Sir Andrew Green, head of Migration Watch, has been awarded a life peerage, in what will be seen as further evidence of David Cameron’s anxiety about the electoral threat posed by Ukip.
The former diplomat has campaigned relentlessly in favour of keeping the number of migrants allowed into the UK to a minimum, an issue since taken up by Nigel Farage and turned into Ukip’s biggest single vote-winner.
Sir Andrew, 73, was a professional diplomat for 35 years, and rose to be the UK's ambassador to Saudi Arabia. He also founded MigrationWatch in 2008. On its website, the organisation says that “sustainable levels of properly managed immigration are of distinct benefit to our society… [but] at present immigration is neither sustainable nor well managed”.
His campaigning has won him accolades from the right wing of the Conservative Party, and from the BNP, but his elevation to the Lords provoked incredulity and protests from the left on the social media as soon as it was announced.
The Labour peer Steward Wood tweeted derisively: “I expect the newly ennobled Andrew Green of MigrationWatch to spearhead concerns that the Lords is being flooded by new appointees”, but Tim Montgomerie, founder of the ConservativeHome website, tweeted: “Delighted Sir Andrew Green has been ennobled. He's faced a lot of hate for championing popular concern about immigration.”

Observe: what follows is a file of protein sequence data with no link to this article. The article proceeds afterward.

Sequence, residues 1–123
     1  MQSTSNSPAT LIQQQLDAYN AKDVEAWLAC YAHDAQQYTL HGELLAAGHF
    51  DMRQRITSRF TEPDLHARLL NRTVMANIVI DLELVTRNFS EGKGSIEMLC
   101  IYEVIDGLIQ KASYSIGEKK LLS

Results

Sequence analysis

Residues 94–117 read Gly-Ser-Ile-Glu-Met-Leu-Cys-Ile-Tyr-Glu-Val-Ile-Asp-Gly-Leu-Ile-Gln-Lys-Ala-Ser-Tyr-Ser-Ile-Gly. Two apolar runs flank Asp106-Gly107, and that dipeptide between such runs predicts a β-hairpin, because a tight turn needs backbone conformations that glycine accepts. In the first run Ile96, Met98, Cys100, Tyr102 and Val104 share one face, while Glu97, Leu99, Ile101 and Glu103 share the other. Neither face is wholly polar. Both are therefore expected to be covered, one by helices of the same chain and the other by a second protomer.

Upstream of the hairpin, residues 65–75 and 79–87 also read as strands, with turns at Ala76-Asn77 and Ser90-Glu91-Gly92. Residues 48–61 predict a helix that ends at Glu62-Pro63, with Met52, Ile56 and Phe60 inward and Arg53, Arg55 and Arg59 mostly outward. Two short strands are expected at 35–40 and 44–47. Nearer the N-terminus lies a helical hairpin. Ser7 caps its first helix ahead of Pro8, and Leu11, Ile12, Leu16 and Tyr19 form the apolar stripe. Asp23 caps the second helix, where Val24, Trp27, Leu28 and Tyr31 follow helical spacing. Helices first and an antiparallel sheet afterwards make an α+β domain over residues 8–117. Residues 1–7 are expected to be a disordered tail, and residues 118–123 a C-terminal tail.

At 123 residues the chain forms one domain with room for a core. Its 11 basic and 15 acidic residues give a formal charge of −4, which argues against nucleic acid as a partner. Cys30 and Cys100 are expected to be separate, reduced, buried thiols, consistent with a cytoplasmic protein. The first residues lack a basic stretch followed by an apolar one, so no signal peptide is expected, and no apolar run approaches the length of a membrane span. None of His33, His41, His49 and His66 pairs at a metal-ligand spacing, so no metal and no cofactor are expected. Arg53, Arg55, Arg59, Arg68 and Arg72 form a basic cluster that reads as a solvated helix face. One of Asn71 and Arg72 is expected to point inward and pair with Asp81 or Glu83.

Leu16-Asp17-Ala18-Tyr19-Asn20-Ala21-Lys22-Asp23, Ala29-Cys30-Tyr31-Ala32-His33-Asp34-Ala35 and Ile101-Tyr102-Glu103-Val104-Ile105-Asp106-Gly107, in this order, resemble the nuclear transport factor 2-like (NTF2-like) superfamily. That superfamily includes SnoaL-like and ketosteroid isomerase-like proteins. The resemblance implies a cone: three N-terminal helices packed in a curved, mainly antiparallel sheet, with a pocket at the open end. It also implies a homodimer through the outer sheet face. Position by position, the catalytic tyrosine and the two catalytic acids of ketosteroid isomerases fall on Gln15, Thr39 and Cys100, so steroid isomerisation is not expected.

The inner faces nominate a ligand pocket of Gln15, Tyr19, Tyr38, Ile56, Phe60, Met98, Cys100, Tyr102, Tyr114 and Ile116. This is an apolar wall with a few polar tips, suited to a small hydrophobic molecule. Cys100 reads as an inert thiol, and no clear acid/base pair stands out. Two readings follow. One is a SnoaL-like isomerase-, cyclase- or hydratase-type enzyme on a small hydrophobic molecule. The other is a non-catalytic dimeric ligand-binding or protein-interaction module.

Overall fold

Sir Andrew was one of four new peers announced by Downing Street. Sir Robert Rogers, chief clerk of the Commons, is being made a peer on his retirement after working in Parliament for more than 40 years – and reportedly after falling out with the Speaker, John Bercow.
Sir Jonathan Evans, who was director general of the British Security Service from April 2007 to April 2013 and who spent 30 years as a spy, and Professor Alison Wolf, a leading authority on vocational education and training and on the relationship between education, gender and the labour market, have also been raised to the peerage.
Baroness Royall, Labour’s leader in the House of Lords accused David Cameron of using his power of patronage for “short term political gain”. She tweeted: “More desperation in face of UKIP…Does the PM do anything in the interest of the country?"
Downing Street denied that the award meant that David Cameron was endorsing MigrationWatch. A spokeswoman said that Sir Andrew “has contributed in two areas of public service and public life. He has served for over 35 years in the diplomatic service. Since then he has made a contribution by the work he has done on the migration and immigration debate.”Reuse content